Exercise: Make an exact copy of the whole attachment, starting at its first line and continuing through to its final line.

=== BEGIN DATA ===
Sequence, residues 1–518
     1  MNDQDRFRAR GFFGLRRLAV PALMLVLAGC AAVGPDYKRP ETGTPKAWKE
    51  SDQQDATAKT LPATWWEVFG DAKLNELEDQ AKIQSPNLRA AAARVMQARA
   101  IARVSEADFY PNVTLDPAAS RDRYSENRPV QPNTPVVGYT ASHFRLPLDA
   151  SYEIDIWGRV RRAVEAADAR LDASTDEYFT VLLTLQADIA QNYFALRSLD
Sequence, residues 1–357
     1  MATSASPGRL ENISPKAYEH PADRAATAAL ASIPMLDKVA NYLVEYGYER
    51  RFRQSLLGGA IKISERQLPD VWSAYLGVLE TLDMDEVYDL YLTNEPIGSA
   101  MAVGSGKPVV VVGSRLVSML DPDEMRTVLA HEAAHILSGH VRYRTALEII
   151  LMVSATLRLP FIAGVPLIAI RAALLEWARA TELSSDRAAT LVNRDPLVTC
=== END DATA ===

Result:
Sequence, residues 1–518
     1  MNDQDRFRAR GFFGLRRLAV PALMLVLAGC AAVGPDYKRP ETGTPKAWKE
    51  SDQQDATAKT LPATWWEVFG DAKLNELEDQ AKIQSPNLRA AAARVMQARA
   101  IARVSEADFY PNVTLDPAAS RDRYSENRPV QPNTPVVGYT ASHFRLPLDA
   151  SYEIDIWGRV RRAVEAADAR LDASTDEYFT VLLTLQADIA QNYFALRSLD
Sequence, residues 1–357
     1  MATSASPGRL ENISPKAYEH PADRAATAAL ASIPMLDKVA NYLVEYGYER
    51  RFRQSLLGGA IKISERQLPD VWSAYLGVLE TLDMDEVYDL YLTNEPIGSA
   101  MAVGSGKPVV VVGSRLVSML DPDEMRTVLA HEAAHILSGH VRYRTALEII
   151  LMVSATLRLP FIAGVPLIAI RAALLEWARA TELSSDRAAT LVNRDPLVTC